Things You Did Not Know About the ‘Sagrada Familia’

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Eighty-one years ago today, in 1926, Antoni Gaudí was run over in Barcelona by a tram. Because of his ragged attire and empty pockets, a number of taxi drivers refused to pick him up after the accident for fear that he would be unable to pay the fare. He was eventually taken to a pauper’s hospital. Nobody recognized the injured man until his friends found him the next day.

Things you probably know about this genial architect and artist are his major works, such as the still unfinished basilica of the Sagrada Familia (The Holy Family) in Barcelona, Spain. On the subject of the extremely long construction period, Gaudí is said to have joked: “My client is not in a hurry”. After Gaudí’s death, work continued under the direction of Domènech Sugranyes until it was interrupted by the Spanish Civil War in 1935.

 

According to the newspaper El Periódico de Catalunya, approx. 2.5 million people visit the partially built basilica annually, making it one of the more popular attractions in Spain. The central nave vaulting was completed in 2000 and the main tasks since then have been the construction of the transept vaults and apse. Current work concentrates on the crossing and supporting structure for the main tower of Jesus Christ as well as the southern enclosure of the central nave which will become the Glory façade.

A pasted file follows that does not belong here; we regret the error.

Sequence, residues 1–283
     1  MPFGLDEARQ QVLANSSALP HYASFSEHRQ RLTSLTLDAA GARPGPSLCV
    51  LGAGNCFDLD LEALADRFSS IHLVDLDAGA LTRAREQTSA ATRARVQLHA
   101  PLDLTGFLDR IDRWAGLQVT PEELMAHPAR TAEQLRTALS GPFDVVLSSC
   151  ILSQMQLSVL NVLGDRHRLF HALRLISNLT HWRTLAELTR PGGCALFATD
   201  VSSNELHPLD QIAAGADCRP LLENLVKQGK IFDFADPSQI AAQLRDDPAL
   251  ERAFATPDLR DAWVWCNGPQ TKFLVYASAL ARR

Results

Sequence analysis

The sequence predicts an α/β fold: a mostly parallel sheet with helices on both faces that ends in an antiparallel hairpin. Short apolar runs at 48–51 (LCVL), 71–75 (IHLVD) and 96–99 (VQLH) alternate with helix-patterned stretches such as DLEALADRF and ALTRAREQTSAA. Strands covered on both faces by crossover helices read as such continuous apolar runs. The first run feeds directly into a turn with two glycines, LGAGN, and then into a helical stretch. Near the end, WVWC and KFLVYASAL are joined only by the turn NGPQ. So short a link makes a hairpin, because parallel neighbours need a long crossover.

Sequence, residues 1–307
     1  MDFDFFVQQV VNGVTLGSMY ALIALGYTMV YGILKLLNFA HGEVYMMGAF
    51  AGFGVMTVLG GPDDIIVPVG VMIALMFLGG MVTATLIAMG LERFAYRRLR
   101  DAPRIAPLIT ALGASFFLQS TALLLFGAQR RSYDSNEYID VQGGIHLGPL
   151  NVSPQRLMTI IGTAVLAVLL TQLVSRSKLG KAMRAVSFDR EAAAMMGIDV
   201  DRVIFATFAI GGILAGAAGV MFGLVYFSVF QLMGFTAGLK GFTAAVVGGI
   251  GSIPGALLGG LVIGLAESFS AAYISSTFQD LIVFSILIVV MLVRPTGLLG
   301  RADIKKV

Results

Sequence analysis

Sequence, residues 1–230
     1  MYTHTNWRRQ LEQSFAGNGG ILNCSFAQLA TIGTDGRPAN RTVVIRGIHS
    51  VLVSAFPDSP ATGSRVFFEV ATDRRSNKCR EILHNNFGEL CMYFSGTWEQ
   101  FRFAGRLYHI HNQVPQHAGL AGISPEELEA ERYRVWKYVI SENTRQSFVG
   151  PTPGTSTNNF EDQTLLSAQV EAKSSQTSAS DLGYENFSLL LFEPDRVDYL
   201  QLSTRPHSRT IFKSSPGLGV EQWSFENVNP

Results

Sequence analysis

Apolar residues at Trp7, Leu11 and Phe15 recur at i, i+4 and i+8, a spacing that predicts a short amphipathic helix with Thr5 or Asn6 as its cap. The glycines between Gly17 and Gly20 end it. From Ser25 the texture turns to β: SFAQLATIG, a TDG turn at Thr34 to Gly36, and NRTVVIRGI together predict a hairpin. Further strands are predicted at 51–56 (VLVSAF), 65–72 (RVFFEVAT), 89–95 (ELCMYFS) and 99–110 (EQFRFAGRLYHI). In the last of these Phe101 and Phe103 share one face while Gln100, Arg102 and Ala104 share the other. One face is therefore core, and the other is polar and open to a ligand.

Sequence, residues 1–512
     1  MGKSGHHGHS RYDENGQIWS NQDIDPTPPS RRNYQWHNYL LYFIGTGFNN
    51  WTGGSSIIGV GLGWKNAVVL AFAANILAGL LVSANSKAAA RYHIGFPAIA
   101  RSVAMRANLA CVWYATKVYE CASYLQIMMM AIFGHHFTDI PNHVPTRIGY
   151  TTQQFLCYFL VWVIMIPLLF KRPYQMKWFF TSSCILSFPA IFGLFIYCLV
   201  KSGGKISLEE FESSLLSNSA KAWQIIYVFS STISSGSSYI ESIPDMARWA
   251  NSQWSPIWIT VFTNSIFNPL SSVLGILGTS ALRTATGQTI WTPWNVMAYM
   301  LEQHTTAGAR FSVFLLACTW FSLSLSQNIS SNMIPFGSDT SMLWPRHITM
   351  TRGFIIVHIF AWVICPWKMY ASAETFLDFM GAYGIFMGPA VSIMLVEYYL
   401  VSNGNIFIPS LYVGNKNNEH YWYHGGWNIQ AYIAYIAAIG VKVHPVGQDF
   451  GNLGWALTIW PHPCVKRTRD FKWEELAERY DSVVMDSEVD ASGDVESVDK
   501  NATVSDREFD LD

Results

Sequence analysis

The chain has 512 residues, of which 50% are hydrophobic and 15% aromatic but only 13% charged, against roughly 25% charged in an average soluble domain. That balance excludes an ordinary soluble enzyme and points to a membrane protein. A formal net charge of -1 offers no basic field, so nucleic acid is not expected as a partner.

You may also know the Pedrera building, also in Barcelona, or the Parque Güell, in the same Catalan city. And you may know his major interior work in the cathedral in Palma de Mallorca, La Seu, or his El Capricho in Comillas, in Cantabria in Northern Spain.

 

You may not know, however, that the Sagrada Familia temple has no building license. Notwithstanding that the construction has been on the go for 125 years by now, it seems totally unbased on plans or building licenses or public control.

 

Not that I mind, really. I wonder if the Pyramids in Egypt have planning consent, or the Tower of London. Why should it matter, then?

 

Well. Recently, the Ministry of Public Works of Spain (Ministerio de Fomento in Spanish), projected the construction of a tunnel for the high speed train just under where the principal façade of the temple has to be built. Although the ministry affirms that the train project presents no risk for the ‘Sagrada Familia’, the promoters of the temple and the neighbours association “AVE pel litoral” have begun a campaign against the construction of the train tunnel. Also, many architects and technicians related to Gaudí’s temple warn that the construction of a tunnel under a building like this, puts its stability in danger.

 

Would anybody in their right mind attempt to build a high speed train tunnel directly underneath the pyramids?

 

The Ayuntamiento de Barcelona (town hall) has until now only once reunited with some of the technicians working on Gaudi’s temple, only concerning themselves with the surroundings of the construction site.

 

Lets hope they meet again and sort out something tangible.

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